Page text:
follow Dictionary.com

Is Tuesday named for a one-handed god?

sidle

[sahyd-l] /ˈsaɪd l/
verb (used without object), sidled, sidling.
1.
to move sideways or obliquely.
2.
to edge along furtively.
noun
3.
a sidling movement.
Origin
1690-1700
1690-1700; back formation from sideling (earlier spelling sidling misconstrued as present participle of a verb ending in -le)
Related forms
sidlingly, adverb
unsidling, adjective
Dictionary.com Unabridged
Based on the Random House Dictionary, © Random House, Inc. 2014.
Cite This Source
Examples from the web for sidle
  • The thief would sidle up to its relative quietly in an effort to get at the food.
  • Consumer spending will no more than sidle ahead, and fixed investment will continue to decline.
  • Moments with dialogue are brief and easy to sidle around.
  • At this intersection, mightier than mine, the cars sidle up three abreast.
  • Actual pro wrestlers sidle up to taunt the new meat.
  • But the new ads sidle right up to the edges of guidelines governing the content of underwriter messages.
  • The buildings sidle up to the sidewalk, reaching out to engage a street shaded by trees.
  • If you shine a spotlight on one, it will sidle off to somewhere darker.
  • In one episode he puttered around a swamp inside an artificial hippo, so he could sidle up close to the real wildlife.
  • First you sidle to the left, then you switch across the slope and sidle to the right.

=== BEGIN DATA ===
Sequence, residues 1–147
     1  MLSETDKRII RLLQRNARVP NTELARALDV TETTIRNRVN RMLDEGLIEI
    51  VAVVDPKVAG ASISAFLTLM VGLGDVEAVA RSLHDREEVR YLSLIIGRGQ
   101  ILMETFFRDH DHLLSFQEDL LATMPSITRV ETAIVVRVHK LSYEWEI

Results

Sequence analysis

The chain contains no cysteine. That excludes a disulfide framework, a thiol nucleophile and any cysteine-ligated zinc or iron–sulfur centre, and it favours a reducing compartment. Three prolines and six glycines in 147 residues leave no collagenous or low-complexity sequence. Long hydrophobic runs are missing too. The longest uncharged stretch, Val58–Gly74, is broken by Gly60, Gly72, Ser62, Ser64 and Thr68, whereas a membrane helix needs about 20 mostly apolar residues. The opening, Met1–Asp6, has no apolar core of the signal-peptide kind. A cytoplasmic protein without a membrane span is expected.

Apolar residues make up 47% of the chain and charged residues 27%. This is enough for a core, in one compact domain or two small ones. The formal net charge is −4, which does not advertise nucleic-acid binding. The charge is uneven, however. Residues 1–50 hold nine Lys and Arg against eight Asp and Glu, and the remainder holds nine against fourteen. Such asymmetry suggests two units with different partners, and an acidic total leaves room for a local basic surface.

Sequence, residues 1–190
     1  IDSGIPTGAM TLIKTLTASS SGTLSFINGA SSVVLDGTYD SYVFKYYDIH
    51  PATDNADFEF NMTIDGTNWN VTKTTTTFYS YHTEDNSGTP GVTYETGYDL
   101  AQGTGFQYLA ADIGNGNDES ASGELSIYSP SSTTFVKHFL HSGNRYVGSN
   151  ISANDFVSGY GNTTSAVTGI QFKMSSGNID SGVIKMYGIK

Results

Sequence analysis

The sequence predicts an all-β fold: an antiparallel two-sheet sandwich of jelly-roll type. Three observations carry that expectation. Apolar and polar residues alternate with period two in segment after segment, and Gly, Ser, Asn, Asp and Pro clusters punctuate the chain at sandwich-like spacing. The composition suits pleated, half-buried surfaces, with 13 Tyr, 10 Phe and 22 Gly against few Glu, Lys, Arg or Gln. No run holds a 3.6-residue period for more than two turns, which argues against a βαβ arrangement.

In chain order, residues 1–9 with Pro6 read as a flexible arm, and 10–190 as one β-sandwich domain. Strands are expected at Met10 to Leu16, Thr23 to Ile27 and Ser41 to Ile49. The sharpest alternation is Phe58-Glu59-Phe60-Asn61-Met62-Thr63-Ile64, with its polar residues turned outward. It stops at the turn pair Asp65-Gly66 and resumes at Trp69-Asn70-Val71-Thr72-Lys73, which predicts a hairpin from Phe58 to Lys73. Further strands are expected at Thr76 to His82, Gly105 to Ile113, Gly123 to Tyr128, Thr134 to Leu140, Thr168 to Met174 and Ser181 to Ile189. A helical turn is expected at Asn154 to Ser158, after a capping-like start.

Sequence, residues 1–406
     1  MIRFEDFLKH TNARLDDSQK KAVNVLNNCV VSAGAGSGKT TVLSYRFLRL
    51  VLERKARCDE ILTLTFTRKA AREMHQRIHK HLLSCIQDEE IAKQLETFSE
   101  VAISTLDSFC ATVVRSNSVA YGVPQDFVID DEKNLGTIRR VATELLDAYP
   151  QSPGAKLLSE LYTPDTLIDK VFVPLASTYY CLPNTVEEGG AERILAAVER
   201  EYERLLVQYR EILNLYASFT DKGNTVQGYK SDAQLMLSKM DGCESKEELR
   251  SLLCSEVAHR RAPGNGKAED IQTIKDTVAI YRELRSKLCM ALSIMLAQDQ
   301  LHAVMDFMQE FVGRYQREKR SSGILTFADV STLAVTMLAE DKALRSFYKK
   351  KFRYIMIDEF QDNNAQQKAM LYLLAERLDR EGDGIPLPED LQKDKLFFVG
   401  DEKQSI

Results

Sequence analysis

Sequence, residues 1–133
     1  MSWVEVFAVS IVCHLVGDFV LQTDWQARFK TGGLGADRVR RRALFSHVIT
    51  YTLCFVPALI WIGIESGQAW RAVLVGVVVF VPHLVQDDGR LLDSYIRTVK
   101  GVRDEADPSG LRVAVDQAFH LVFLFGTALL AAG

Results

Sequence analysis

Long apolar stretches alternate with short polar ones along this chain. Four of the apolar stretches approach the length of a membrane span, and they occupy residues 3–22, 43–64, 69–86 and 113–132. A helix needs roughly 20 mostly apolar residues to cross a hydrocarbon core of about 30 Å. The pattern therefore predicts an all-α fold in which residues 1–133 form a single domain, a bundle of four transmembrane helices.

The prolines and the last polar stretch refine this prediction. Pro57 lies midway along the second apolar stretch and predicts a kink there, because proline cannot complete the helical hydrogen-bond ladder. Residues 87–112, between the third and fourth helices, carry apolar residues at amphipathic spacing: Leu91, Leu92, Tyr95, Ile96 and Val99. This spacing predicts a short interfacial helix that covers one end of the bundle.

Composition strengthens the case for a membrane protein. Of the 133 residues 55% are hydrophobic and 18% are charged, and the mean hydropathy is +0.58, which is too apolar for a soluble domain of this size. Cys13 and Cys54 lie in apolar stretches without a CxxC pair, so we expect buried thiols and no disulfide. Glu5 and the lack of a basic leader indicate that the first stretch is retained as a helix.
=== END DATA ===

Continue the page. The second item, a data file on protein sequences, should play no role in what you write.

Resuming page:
British Dictionary definitions for sidle

sidle

/ˈsaɪdəl/
verb (intransitive)
1.
to move in a furtive or stealthy manner; edge along
2.
to move along sideways
noun
3.
a sideways movement
Derived Forms
sidler, noun
Word Origin
C17: back formation from obsolete sideling sideways
Collins English Dictionary - Complete & Unabridged 2012 Digital Edition
© William Collins Sons & Co. Ltd. 1979, 1986 © HarperCollins
Publishers 1998, 2000, 2003, 2005, 2006, 2007, 2009, 2012
Cite This Source
Word Origin and History for sidle
v.

"to move or go sideways," 1690s, back-formation from obsolete Middle English sidlyng (adv.) "obliquely, sideways; aslant; laterally" (early 14c., perhaps in Old English), from side (n.) + adverbial suffix -ling; altered on analogy of verbs ending in -le. Related: Sidled; sidling. Old English had sidlingweg (n.) "sidelong-way, oblique road."

Online Etymology Dictionary, © 2010 Douglas Harper
Cite This Source

Word of the Day

Difficulty index for sidle

Some English speakers likely know this word

Word Value for sidle

6
7
Scrabble Words With Friends

Quotes with sidle